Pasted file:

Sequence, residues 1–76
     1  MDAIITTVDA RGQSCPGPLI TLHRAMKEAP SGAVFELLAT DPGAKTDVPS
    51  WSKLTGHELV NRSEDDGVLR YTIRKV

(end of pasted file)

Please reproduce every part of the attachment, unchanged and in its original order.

Sequence, residues 1–76
     1  MDAIITTVDA RGQSCPGPLI TLHRAMKEAP SGAVFELLAT DPGAKTDVPS
    51  WSKLTGHELV NRSEDDGVLR YTIRKV